The FAA is poised to begin the rollout of a software system that will be used to reduce airline taxi times and delays while making the national airspace system more efficient.
The Advanced Technology Demonstration 2 (ATD-2) system is a predictive software solution that integrates ongoing flight arrivals at airports with airline departure plans and the real-time situation in the skies. It enables aircraft to depart the gate later and then move directly from the tarmac to the runway for takeoff without long wait times, thereby saving fuel.
In addition, the system's predictive abilities reduce system delays by allowing for more efficient absorption of departing flights into the overhead aircraft stream, explained Shawn Engelland, ATD project manager for NASA.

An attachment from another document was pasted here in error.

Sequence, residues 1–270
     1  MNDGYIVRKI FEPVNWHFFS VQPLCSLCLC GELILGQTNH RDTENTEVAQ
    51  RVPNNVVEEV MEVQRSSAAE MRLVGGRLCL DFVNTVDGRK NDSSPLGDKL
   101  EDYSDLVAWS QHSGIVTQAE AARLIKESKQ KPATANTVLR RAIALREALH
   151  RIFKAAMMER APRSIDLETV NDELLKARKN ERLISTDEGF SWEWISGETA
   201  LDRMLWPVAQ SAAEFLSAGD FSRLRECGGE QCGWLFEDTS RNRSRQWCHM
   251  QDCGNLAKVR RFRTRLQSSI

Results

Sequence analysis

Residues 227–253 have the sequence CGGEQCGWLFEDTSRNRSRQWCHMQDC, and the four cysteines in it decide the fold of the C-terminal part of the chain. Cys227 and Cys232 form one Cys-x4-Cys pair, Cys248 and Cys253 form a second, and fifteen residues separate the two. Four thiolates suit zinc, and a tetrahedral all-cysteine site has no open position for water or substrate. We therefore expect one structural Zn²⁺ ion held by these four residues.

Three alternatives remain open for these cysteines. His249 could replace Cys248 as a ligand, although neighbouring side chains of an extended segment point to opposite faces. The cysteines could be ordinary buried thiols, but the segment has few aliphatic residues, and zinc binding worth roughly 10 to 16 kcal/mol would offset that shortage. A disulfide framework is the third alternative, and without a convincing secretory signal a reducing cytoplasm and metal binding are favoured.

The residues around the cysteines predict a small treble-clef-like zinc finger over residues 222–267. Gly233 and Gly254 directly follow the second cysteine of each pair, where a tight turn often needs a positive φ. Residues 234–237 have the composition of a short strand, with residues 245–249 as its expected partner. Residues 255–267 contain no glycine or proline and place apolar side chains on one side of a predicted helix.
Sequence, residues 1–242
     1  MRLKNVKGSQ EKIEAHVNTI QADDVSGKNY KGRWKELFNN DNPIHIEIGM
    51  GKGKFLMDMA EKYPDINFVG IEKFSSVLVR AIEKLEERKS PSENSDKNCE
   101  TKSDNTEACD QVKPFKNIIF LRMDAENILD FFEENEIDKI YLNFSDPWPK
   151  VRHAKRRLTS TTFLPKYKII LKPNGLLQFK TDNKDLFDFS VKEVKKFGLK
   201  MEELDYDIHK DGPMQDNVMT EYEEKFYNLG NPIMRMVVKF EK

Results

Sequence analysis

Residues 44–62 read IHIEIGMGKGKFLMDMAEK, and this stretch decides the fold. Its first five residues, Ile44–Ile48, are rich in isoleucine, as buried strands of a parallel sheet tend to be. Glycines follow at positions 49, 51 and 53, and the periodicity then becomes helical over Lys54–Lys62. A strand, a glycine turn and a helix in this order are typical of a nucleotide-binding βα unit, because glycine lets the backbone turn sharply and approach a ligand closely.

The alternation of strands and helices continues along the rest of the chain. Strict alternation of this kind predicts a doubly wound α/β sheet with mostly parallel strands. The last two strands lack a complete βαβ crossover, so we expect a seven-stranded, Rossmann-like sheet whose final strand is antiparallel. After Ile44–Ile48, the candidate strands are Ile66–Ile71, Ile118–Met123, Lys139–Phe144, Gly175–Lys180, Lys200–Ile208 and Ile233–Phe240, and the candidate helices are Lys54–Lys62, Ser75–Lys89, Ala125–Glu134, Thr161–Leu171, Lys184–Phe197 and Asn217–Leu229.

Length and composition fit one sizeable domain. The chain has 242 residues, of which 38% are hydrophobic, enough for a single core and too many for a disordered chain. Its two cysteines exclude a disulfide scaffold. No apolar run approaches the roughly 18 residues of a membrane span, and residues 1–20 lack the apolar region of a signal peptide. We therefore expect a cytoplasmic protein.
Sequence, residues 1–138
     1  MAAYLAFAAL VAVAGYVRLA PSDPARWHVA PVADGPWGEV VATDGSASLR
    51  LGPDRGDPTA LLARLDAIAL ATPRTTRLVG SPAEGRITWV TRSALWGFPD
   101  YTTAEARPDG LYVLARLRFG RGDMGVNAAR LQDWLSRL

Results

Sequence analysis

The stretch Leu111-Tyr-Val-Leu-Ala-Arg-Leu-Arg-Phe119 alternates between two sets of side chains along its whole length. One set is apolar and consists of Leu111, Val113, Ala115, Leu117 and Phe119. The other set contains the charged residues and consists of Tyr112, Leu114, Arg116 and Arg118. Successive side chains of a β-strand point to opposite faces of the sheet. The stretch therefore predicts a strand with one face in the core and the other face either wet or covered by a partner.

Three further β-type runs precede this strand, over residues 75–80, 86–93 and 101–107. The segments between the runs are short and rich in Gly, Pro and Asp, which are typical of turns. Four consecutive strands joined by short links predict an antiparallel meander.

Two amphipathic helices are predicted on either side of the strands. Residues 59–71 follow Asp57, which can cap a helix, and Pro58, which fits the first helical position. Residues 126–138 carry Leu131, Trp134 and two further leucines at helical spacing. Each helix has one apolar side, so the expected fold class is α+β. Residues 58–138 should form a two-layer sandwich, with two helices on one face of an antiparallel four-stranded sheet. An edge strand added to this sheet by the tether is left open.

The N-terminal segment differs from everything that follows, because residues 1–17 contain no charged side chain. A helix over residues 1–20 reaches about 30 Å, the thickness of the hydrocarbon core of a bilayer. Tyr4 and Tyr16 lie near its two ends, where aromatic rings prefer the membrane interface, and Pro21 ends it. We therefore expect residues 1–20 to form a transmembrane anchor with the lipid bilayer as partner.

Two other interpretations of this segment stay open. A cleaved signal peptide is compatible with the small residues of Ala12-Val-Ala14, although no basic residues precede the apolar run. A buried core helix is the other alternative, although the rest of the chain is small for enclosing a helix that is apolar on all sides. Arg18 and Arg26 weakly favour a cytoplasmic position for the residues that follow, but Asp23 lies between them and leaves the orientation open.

Though ATD-2 will be deployed by the FAA, it was developed by NASA initially to facilitate spacecraft launches.
The FAA plans to roll out the system gradually at 27 large U.S. airports over the next 10 years. Successful trials have already been undertaken at Charlotte, Dallas/Fort Worth and Dallas Love Field airports. Next up will be Phoenix, with deployment in the early part of next year.
"This technology cuts delays by all kinds of hours and the aircraft engines run all kinds of fewer hours, NASA administrator Bill Nelson said during a teleconference on Sept. 28. "What does that mean? That means less maintenance and fewer engines. This is obviously good for the environment. It's good for our economy. It's good for customers."
During testing in Charlotte, a reduction in taxi times saved about 275,000 gallons of fuel per year, which is the equivalent of the fuel burn of 185 flights between New York and Chicago for a Boeing 737. The system also reduced delays by 916 hours per year, which the FAA compared to shaving 15 minutes of waiting on a taxiway for more than 3,600 departing flights.
Greenhouse gas emissions were reduced by eight tons daily.
ATD-2 is part of the long-delayed NextGen air transportation system modernization that the FAA has been undertaking since 2007.